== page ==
Scientists tell us that we share our planet with more insects and arachnids than all the other inhabitants combined. Scientists will also tell you that we need all those creeping, crawling, flying, six and eight legged beasties for the life and health of the planet and its citizens, including ourselves. That’s fine with most of us, I suppose, as long as we don’t have to share our immediate living space with any of them. There is much in the way of natural pest control available.
Scientists have also told us that many of the chemicals that will rid our homes and offices of ants, spiders, roaches and what not are harmful. (REALLY?) But it is now common knowledge that they can be dangerous to us, to our pets, and to the environment in general. So how do we rid ourselves and our spaces of the bugs that bug us so much?
Harness the power of nature’s own bug repellents for natural pest control!
Most of the natural ingredients used in the natural pest control formulas listed in this article can be found in the grocery store or pharmacy. In fact, you may already have many of them in your home right now. This makes natural pest control easy to implement and easy on your wallet, as well. That’s something expensive professional exterminators don’t want you to know.
Roaches are the tough guys of the bug world. Supposedly, they can withstand an atomic blast, right? And right now you’re thinking you’ll never be able to control the nastiest of the nasties with anything natural. Well, look no further than your own garden. It seems roaches don’t like catnip! That’s right, that little dried weed that gets Fluffy crazy-drunk repels roaches. Simmer some catnip in a pot of water and then cool. Place this in a spray bottle and spritz along cupboards and floorboards where roaches like to travel. Catnip sachets made with little squares of cheesecloth can be placed on top of the fridge, in between the cabinets and the ceiling and other high places where spritzing can be difficult. Fluffy may just have to get used to the constant high in the kitchen, although other cats have not seemed to notice it in their homes.
Of course, the best deterrent for roaches is cleanliness before you start spritzing, vacuum the floors and wash down all surfaces with good, hot soapy water. Keeping food and dirty dishes off counters and out of sinks may be your easiest and most natural defense against cockroaches.
Ants at a picnic are one thing. Ants at a dinner party are another. Ants can be extremely difficult to get rid of because the colony can be quite large – large, hungry and always on the lookout for more food. Again, your best, and first, line of defense is to remove what they’re looking for. Keep open food and dirty dishes off the counters. Wash up any sticky spills and spots. Put the honey, pancake syrup and jelly containers in the fridge or in plastic storage bags – the type work best. Eliminate their source of water by stopping all leaks and drips and not leaving any dishes soaking overnight.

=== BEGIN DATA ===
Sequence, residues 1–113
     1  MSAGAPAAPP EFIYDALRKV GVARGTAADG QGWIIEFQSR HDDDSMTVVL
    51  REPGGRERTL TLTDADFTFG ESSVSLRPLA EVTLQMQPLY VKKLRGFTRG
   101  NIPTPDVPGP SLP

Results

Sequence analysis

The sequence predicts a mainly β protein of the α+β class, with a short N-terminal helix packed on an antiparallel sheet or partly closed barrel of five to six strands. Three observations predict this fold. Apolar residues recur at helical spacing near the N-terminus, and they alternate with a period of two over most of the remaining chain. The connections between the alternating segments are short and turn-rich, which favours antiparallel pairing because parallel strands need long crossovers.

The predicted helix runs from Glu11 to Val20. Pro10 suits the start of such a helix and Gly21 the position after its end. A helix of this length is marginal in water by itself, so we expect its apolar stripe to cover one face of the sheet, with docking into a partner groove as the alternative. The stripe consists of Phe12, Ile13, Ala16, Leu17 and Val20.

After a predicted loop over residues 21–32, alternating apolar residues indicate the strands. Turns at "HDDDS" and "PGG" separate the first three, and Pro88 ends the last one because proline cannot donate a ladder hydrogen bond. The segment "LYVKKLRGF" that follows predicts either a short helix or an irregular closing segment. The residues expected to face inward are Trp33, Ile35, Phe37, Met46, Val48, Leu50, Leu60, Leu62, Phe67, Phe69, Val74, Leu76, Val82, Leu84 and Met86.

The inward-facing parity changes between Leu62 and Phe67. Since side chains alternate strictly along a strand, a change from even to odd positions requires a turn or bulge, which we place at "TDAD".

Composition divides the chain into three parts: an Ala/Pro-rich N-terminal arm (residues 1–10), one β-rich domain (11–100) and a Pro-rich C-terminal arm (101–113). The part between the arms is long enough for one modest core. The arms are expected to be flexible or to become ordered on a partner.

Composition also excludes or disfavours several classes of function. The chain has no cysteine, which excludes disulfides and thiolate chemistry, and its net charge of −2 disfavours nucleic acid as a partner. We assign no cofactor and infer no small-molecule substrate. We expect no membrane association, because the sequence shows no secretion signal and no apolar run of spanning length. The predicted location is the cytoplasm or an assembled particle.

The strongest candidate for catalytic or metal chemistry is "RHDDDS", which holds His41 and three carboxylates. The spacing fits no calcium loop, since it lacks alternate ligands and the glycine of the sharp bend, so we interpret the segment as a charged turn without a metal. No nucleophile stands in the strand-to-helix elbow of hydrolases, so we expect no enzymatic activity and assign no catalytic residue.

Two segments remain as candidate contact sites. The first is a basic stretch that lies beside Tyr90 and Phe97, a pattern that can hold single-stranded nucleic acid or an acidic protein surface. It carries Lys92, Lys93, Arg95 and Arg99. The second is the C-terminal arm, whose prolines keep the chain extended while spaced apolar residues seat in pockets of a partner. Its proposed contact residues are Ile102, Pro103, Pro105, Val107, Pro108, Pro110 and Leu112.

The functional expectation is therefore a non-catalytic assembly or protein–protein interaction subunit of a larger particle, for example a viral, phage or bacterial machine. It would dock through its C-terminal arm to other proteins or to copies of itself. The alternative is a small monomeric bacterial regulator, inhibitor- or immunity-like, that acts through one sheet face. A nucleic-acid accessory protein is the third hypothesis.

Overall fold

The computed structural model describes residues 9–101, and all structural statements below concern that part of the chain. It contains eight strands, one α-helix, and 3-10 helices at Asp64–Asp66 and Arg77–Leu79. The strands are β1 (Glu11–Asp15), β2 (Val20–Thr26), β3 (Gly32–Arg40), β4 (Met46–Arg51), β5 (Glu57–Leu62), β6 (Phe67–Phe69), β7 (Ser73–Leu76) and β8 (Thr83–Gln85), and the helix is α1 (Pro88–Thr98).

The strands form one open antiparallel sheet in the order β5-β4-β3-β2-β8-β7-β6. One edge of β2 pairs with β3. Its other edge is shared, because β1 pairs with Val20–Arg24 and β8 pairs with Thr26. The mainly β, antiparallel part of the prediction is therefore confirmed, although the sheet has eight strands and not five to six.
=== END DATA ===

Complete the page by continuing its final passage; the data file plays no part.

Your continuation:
Your next important step in the natural war on ants is to find their point of entry, or the closest point of flat surface to their point of entry. Once you’ve discovered where they’re coming in, you have a few choices. Ants don’t like cayenne, cinnamon, or cloves, so sprinkling a line of either on your counter or floor near their trail should deter them from coming in. A piece of string or yarn can be soaked in citrus oil, cinnamon oil or lemon juice and placed into cracks where ants enter. Line a windowsill or counter top with coffee grounds. Live ants are stopped with a spritz of soapy water. Ants on a deck or porch outdoors can be diverted by placing garlic cloves in between the floorboards. Mint leaves, even herbal mint tea bags, can be placed in areas where ants are known to travel. So, pick one of the above, or try several. Send them scouting elsewhere!
Spiders are not only a nuisance, but also a health hazard, as well. Brown recluse bites can cause death, amputation and disfigurement. Black widows have been known to make victims ill, (though no one has died from a black widow bite in the US in the last ten years.) In short, they may keep other insects like flies and moths at bay, but they can be risky to have around. Spiders, by nature, are a bit harder to be rid of, as they like to live in out-of-the-way, hard-to-access places. They take a bit more precaution, too, on your part. Remember to always wear long sleeves, pants and gloves when searching and destroying spider habitats.
Spiders like the dark spaces under beds, couches and chairs. They love any little crack in brick or paneled walls. They also love to hide in the cracks between the woodwork and the doors and windows of our homes. If a broom can’t reach them, try the vacuum hose with the crevice tool attachment. Spiders like to hide in clutter and clothing that’s been lying about, as well, so it’s best to keep things picked up.
Spray spiders directly with one of the following essential oils: rose, citronella, lavender, peppermint, cinnamon, tea tree or citrus. Mix 5 tablespoons of any of the above oils with 5 tablespoons natural lavender soap in a quart of water to create a spider repellent spray. This can be used to spray the foundation of your home, around windows and doors, even inside the outside trash bins to keep the pesky eight legged critters out of your space.
Natural pest control needn’t be smelly, dangerous chemicals and high exterminating bills. You can keep your home free of pests and free of environmental dangers, too.
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